Despite wins for charter schools in Washington State and Georgia, the education reform movement had to absorb a stunning number of defeats on election day last week. A number of education reform efforts were rejected in Idaho, Michigan and South Dakota, and a proposition to have organized labor take less of a role in the political process was voted down in California. But the biggest setback dealt to those who look to move America's education system away from the status quo came in Indiana, where reformist Superintendent of Public Instruction Tony Bennett was denied a second term in favor of his Democratic opponent Glenda Ritz, who beat him by 6 points.
EAGNews reports that Bennett's defeat doesn't mean the end to the reforms he implemented during his tenure. Thanks to him and Governor Mitch Daniels, Indiana boasts one of the largest voucher programs in the nation. The state is also a home to the growing charter school movement, and the collective bargaining powers of teachers unions operating in Indiana have been reduced.
The man elected to replace Daniels, Republican Mike Pence, has already indicated that none of the policies Bennett put into effect will be overturned under his watch. Pence's commitment to Bennett's legacy will to a large degree tie Ritz's hands if she seeks to have some of Bennett's achievements replaced.
Those who supported Bennett when he was in office aren't backing down — they're already announcing plans to go further. House Speaker Brian Bosma has already indicated that the expanded Republican majority in both houses of the Indiana Legislature means that lawmakers will be moving forward with school choice expansion that Bennett had shelved prior to the election.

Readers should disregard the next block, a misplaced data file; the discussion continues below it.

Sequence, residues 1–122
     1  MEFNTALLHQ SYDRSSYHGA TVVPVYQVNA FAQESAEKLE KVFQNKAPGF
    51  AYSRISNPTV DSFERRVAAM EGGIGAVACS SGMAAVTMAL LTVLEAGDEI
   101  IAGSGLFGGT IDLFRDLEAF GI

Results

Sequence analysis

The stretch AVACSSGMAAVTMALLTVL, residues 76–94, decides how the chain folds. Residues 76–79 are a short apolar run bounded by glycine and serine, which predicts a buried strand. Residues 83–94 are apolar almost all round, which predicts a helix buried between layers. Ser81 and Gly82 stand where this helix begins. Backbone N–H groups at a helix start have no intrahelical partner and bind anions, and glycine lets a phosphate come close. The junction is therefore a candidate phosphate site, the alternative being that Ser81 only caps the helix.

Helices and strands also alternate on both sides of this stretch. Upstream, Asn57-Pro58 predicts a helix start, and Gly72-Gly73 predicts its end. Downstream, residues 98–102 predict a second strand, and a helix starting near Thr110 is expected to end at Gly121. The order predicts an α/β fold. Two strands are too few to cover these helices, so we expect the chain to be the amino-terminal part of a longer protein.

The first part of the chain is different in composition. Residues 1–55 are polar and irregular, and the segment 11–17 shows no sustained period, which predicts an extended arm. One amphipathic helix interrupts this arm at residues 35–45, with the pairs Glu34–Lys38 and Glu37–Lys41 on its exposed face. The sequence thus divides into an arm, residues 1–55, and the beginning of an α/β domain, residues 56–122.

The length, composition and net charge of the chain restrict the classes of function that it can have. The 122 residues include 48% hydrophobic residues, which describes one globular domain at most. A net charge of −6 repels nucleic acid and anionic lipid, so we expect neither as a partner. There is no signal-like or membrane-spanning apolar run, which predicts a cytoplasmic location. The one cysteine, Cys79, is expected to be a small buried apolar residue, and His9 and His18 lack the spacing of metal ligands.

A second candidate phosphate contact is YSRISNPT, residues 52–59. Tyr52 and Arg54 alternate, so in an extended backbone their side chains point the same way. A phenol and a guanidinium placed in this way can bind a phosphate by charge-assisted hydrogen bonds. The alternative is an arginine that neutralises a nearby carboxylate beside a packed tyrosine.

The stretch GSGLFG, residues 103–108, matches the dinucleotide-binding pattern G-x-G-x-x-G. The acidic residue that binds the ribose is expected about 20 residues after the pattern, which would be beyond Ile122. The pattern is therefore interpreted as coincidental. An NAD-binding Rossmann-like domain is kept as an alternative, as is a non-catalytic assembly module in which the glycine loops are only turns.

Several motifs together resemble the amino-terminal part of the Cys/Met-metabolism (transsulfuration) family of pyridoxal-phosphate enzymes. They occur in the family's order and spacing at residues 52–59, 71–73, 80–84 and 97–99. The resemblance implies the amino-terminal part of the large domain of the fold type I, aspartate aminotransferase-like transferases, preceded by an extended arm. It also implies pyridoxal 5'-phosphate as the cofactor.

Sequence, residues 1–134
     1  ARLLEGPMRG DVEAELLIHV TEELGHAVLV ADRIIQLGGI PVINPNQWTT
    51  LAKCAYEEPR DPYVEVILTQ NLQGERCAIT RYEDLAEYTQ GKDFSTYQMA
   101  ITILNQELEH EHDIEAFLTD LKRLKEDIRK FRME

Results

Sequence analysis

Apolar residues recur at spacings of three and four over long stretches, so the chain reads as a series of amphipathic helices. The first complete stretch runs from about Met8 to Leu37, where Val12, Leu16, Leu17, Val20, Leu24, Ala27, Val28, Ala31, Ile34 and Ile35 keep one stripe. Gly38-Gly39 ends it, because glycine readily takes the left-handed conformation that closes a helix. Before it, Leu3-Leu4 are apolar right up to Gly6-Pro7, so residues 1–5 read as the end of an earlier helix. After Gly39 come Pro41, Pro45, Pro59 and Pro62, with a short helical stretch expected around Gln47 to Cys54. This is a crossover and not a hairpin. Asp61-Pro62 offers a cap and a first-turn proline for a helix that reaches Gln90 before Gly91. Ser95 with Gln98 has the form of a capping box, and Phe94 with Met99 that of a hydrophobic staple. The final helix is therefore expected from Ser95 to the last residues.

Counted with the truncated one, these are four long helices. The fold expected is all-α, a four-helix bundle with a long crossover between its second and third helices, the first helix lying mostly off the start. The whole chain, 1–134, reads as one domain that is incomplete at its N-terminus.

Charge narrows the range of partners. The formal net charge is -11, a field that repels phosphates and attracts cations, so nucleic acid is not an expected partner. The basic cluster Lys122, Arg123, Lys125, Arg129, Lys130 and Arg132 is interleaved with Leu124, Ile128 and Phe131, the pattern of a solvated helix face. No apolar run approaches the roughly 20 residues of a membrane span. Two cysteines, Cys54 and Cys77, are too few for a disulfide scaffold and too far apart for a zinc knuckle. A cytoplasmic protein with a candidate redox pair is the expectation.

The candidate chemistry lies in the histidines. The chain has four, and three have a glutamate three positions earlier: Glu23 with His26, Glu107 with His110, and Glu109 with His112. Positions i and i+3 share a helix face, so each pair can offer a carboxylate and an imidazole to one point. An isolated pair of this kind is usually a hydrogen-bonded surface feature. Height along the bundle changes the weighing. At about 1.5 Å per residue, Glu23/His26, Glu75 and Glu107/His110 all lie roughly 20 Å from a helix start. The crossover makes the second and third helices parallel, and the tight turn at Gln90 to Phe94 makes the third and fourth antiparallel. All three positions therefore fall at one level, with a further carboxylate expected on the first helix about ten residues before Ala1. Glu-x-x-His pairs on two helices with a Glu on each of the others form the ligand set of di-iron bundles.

But Bennett's opponents – the Democrats and the Indiana State Teachers Association – claim the vote totals should give Ritz a mandate to tear up Bennett's list of accomplishments and start over.
They note that Ritz specifically campaigned against many of Bennett's reform, most specifically the A-F grading system for schools, teacher evaluation based on student test results, and the implementation of merit pay for outstanding teachers.
In the end Ritz won by a tally of 1,246,201 to 1,119,028.
Still, in a state that boasts strong conservative credentials, the defeat of such an establishment darling as Bennett — and especially one that was backed by a substantial war chest — came as a surprise. EAGNews offers several theories that explain the outcome of the election, from Bennett's confrontational style to his unwillingness to moderate his message and even to Ritz' success in embracing the label of underdog.
Then there was the reduced level of participation in the superintendent race, compared to other statewide elections in Indiana. More than 2.3 million voters cast a ballot for Bennett or Ritz, compared to the 2.5 million who voted for gubernatorial or U.S. Senate candidates.
That might mean that only people with a stronger interest in education politics took note of the race. Many of those tend to have strong ties or long relationships with public schools, and they tend to support the status quo.